Counting to Five: The ACA May Be Here to Stay


  • Lisa Soronen
November 17, 2020 - (3 min read)

Last week, the Supreme Court heard oral argument in California v. Texas. In this case, it is possible the Supreme Court could rule that a portion of the Affordable Care Act (ACA) is unconstitutional and strike down the entire law.

Predicting the outcome of Supreme Court cases based on oral argument is a risky proposition. Nevertheless, it appeared at least three Justices (Breyer, Sotomayor, and Kagan) are skeptical the ACA’s individual mandate is now unconstitutional. And at least two Justices (Roberts and Kavanaugh) appeared skeptical the entire ACA should be struck down even if a majority of the Court concludes the individual mandate is unconstitutional. If these five Justices combine forces in this manner, the ACA will continue to be the law of the land.  

The ACA individual mandate required uninsured who didn’t purchase health insurance to pay a “shared-responsibility” payment. Congress reduced the payment to $0 as of January 1, 2019. A number of states and individuals claim the individual mandate is unconstitutional because it is no longer tax. 

In NFIB v. Sebelius (2012), five Supreme Court Justices agreed that the “individual mandate could be read in conjunction with the shared responsibility payment” as “a legitimate exercise of Congress’ taxing power.” Challengers argue that if the individual mandate is unconstitutional it cannot be severed from the rest of the ACA, rendering the entire law unconstitutional. 

Many Justices all over the ideological spectrum asked questions about standing. Given the significant number of questions asked on the topic, it is possible at least five Justices may conclude that neither the states nor the individual challengers have standing to bring this lawsuit, in which case the ACA will remain intact. The parties defending the ACA claim individuals aren’t harmed because if they don’t buy health insurance they aren’t penalized. They argue states’ allegations of harm are too speculative.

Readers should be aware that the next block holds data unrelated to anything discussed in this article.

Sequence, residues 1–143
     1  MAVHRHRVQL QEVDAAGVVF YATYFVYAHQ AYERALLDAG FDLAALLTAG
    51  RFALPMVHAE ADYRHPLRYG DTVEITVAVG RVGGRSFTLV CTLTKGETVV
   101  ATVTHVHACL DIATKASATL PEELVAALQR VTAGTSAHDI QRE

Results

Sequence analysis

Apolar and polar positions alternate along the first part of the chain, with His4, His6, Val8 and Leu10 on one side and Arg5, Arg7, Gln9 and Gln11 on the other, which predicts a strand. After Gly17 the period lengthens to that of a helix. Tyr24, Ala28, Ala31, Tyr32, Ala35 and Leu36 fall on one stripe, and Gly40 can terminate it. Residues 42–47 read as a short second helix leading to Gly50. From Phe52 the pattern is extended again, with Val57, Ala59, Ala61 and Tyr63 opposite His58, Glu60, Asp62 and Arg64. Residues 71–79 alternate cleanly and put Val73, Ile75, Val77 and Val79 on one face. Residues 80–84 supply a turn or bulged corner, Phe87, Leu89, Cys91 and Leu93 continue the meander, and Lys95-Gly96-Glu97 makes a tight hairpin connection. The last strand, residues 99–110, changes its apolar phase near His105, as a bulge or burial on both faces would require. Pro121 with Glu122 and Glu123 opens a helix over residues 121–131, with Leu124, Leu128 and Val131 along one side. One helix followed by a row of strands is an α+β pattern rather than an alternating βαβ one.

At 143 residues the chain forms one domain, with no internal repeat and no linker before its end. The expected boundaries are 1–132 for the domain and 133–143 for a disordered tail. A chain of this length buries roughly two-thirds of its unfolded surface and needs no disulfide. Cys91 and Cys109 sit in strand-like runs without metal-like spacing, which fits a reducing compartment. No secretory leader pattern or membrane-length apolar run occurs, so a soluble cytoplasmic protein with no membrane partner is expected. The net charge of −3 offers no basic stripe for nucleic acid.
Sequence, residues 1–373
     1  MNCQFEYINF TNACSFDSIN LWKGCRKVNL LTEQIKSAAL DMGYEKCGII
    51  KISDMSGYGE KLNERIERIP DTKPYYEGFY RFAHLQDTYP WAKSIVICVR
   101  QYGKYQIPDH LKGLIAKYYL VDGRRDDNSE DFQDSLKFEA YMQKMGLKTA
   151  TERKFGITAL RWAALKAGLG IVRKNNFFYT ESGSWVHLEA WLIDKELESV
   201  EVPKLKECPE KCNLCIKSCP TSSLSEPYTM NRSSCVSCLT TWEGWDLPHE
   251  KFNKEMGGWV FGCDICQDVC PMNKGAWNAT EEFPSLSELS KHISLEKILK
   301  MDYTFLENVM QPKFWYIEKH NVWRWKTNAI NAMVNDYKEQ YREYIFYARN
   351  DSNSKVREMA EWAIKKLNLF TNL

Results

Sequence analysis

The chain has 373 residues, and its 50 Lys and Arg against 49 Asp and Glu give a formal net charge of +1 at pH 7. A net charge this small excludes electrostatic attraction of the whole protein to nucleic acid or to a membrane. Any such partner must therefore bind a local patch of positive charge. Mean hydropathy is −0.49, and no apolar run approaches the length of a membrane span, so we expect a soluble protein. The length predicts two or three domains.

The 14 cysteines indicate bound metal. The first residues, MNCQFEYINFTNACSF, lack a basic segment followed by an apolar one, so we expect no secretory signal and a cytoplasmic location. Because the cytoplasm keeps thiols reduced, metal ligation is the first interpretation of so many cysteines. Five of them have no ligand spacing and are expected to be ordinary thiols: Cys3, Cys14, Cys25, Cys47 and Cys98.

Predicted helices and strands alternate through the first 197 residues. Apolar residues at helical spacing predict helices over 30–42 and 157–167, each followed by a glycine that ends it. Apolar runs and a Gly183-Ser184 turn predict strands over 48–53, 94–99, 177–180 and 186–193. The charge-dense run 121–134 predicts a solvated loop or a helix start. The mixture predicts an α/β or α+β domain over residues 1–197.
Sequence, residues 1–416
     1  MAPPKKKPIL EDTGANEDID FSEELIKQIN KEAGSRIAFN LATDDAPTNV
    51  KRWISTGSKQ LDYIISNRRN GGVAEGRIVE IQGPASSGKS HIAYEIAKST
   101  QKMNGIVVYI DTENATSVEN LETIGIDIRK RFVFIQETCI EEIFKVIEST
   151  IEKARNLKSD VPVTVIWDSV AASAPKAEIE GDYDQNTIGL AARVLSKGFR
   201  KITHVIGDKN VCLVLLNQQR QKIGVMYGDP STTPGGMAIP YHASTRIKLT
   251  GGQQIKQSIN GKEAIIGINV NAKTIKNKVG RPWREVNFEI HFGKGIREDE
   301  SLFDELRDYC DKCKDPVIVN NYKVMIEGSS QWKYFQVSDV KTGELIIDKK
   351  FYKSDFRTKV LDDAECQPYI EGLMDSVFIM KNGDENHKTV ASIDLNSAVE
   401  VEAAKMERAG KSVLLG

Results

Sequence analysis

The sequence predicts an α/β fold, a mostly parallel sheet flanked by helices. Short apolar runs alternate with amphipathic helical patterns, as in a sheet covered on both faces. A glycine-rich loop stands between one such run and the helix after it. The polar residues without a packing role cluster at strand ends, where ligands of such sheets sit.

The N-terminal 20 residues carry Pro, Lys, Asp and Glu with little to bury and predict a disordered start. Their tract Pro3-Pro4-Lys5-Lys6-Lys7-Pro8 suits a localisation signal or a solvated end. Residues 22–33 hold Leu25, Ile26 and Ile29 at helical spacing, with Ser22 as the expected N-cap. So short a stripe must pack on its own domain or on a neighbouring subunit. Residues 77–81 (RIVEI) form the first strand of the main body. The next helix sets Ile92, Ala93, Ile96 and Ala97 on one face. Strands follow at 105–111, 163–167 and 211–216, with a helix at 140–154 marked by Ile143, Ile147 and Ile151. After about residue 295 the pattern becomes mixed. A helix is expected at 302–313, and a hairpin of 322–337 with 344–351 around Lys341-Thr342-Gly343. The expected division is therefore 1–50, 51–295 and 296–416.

Regarding the argument that the individual mandate is unconstitutional now that the shared responsibility payment is zero, Justice Sotomayor echoed the arguments of the parties defending the ACA that Congress could have repealed the ACA but didn’t. So, she reasoned, the individual mandate was a choice and not a command before and after Congress made the shared responsibility payment $0. Similarly, Justice Kagan asked how the individual mandate could be an unconstitutional command now that it is less coercive, as it requires no penalty. Justice Breyer wondered how the individual mandate is different from numerous federal statutes which say things like “buy war bond” or “plant a tree.” These three Justices, along with Justice Ginsburg, joined Chief Justice Roberts in 2012 to conclude the individual mandate was a tax.   

Chief Justice Roberts and Justice Kavanaugh issued separate opinions last term on severability noting that the law favors severability. Justice Kavanaugh asked three of the four lawyers who argued the case about severability. To one of the attorneys arguing in favor of severability Justice Kavanaugh stated: “I tend to agree with you this is a very straightforward case on severability under our precedent,” meaning the rest of the ACA should remain intact even if the individual mandate is now unconstitutional. Chief Justice Roberts was even more explicit. He accused Congress of trying to get the Court to strike down the entire ACA “when it didn’t even try to repeal the Act,” which, according to Roberts “isn’t our job.” 

The Supreme Court will issue an opinion in this case by the end of June 2021.  

About the Author

Lisa Soronen

About the Author

Lisa Soronen is the Executive Director of the State & Local Legal Center.